Today, Her Majesty's Inspectorate of the Constabulary and Fire & rescue Services published its report into hate crime.
Coverage of the inspection report, commissioned by the previous Home Secretary, can be found here.
The Government continues to do all it can to tackle hate crime in society. Below are examples of the ways the Government has spearheaded action against this vile abuse.
Government action to tackle hate crime
- Published a Hate Crime Action Plan in 2016 to drive forward work across Government and with police and communities to tackle all forms of hate crime. We will refresh this plan later this year.
- Made changes to legislation to offer further protection for transgender and disabled people, which has led to the first convictions for the offence of stirring up hatred on the grounds of sexual orientation
- Improved police recording of hate crime. Forces now capture data on all five monitored strands of hate crime: race or ethnicity, religion or beliefs, sexual orientation, disability, and transgender identity. Police also record the faith when a religious-based hate crime has taken place to increase understanding and help target police resources. Police have also started flagging hate crime offences that were either fully or in part committed online.
- Launched funding schemes to help protect places of worship from hate crime and to tackle hate crime at a local level. We have committed £3.4m to protect places of worship from hate crime, including £1m for vulnerable faith institutions following the Finsbury Park attack in June 2017. To date we have approved funding for 127 places of worship under these two schemes. Additionally we have committed £900,000 to support community led projects. We have funded 16 projects (tackling all five hate crime strands) in the first two years of the scheme, across England and Wales.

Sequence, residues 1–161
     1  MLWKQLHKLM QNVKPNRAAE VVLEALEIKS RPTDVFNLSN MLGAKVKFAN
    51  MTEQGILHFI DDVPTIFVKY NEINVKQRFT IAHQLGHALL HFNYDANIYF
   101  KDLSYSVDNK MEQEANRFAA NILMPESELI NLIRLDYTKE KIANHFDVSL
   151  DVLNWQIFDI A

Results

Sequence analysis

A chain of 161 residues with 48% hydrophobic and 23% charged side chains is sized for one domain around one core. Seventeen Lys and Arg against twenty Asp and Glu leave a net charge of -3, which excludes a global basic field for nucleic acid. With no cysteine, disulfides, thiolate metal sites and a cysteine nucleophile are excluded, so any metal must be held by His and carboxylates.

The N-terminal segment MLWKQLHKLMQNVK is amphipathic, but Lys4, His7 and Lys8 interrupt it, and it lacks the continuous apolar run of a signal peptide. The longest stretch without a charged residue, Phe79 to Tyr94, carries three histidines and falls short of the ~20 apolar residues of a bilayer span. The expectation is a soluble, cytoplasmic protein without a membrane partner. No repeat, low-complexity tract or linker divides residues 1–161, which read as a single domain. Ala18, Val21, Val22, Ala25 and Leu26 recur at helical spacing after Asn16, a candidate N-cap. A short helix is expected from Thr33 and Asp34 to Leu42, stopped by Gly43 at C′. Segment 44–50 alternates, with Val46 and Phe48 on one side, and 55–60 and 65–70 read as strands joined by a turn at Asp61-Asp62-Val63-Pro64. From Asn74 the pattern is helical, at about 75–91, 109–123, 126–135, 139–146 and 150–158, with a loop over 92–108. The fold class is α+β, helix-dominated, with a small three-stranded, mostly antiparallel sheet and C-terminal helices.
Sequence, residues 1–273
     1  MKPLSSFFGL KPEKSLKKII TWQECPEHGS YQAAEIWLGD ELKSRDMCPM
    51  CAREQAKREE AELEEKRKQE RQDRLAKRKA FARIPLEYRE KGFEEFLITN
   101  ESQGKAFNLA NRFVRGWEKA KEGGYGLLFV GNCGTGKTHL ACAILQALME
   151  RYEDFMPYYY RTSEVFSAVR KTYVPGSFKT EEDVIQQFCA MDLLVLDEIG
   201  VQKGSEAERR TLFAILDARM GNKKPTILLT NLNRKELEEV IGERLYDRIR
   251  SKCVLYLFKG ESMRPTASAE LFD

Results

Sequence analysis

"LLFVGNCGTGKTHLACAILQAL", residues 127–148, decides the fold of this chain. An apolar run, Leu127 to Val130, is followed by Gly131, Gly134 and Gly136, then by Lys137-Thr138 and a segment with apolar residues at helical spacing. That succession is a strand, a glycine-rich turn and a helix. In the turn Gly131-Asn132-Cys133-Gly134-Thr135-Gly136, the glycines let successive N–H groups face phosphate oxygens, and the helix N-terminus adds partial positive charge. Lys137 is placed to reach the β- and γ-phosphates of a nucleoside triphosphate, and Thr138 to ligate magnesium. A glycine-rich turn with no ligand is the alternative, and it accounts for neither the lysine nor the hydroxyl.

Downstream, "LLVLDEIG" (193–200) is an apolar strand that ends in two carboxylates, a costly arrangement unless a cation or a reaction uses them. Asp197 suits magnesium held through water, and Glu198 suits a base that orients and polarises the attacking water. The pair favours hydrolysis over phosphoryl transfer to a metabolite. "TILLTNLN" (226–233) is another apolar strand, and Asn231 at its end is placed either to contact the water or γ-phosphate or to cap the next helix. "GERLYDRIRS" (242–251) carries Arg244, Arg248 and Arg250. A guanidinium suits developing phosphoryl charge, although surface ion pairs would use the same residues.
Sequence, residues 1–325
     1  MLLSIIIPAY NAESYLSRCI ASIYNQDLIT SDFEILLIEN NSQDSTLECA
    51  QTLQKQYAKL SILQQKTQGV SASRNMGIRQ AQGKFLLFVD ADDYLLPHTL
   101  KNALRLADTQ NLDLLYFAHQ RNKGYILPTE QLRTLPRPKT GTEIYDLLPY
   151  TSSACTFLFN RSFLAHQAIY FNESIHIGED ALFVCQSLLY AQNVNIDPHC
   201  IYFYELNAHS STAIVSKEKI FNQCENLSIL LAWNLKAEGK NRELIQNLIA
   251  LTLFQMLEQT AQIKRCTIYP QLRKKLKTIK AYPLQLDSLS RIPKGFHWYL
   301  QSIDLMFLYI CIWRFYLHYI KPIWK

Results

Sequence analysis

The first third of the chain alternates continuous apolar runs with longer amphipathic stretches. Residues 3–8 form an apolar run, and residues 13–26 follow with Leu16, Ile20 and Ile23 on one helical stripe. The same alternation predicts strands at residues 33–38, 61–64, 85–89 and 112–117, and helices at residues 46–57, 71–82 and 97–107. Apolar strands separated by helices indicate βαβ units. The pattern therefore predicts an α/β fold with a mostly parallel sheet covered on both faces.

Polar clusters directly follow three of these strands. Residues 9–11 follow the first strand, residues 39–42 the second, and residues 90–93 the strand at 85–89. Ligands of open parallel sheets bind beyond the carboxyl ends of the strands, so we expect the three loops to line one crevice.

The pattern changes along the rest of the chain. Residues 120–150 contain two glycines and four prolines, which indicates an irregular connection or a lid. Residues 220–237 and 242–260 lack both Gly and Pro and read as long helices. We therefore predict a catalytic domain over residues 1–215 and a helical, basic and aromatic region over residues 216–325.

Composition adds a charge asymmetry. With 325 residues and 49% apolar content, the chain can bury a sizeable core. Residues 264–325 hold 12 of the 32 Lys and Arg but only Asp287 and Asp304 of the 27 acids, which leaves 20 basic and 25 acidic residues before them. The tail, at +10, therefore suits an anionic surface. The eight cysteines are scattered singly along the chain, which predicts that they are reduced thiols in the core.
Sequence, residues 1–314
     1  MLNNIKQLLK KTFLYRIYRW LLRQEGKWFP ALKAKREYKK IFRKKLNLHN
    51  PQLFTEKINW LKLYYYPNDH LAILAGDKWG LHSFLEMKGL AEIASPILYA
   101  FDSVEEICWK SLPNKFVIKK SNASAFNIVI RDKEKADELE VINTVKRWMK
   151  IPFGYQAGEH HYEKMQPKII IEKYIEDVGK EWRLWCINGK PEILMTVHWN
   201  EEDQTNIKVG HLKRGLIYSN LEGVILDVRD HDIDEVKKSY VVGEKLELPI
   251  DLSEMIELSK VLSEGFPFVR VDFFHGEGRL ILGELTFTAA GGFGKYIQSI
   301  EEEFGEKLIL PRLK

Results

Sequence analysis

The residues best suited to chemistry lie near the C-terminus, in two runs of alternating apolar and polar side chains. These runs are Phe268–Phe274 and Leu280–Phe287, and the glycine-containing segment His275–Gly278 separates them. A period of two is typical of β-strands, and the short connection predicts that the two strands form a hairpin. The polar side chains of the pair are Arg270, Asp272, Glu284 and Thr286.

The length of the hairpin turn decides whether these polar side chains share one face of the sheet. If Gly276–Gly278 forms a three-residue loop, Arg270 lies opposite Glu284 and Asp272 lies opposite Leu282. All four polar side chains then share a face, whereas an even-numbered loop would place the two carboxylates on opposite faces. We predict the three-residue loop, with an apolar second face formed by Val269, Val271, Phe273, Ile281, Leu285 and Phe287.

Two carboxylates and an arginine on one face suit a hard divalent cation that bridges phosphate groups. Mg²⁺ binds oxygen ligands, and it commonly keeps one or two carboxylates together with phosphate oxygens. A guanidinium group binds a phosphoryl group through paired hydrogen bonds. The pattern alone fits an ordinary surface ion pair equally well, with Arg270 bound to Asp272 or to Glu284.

- Set up the Cross-Government Working Group on Tackling Antisemitism and the Cross-Government Working Group on anti-Muslim hatred, which allow us to remain particularly alive and respond quickly to issues in these communities.
- Supporting Streetwise’s Stand Up project, which works with young people in schools to challenge Islamophobia and antisemitism.
- Providing Tell MAMA with £2.5m of funding between 2017 and 2019 to support its work encouraging the reporting of anti-Muslim hatred and providing support to victims. Between January and March 2018, Tell MAMA hosted 77 community events reaching over 7,500 people and since 2017 they have established 10 Regional Advisory Boards to support their work.
- Announced £200,000 of Home Office funding for a new national hub to tackle the emerging threat of online hate crime. The hub went live in January 2018.
- Announced our intention to publish a joint DCMS-Home Office White Paper to set out more definitive steps on online harms and safety. The response also set out details relating to our social media code of practice and transparency reporting.
- Supported the European Commission Code of Conduct for Countering Illegal Hate Speech. This voluntary code has been signed by Facebook, YouTube, Microsoft, Twitter and Instagram. One main aim of the Code is to ensure that requests to remove content are reviewed in less than 24 hours, and content is removed if necessary.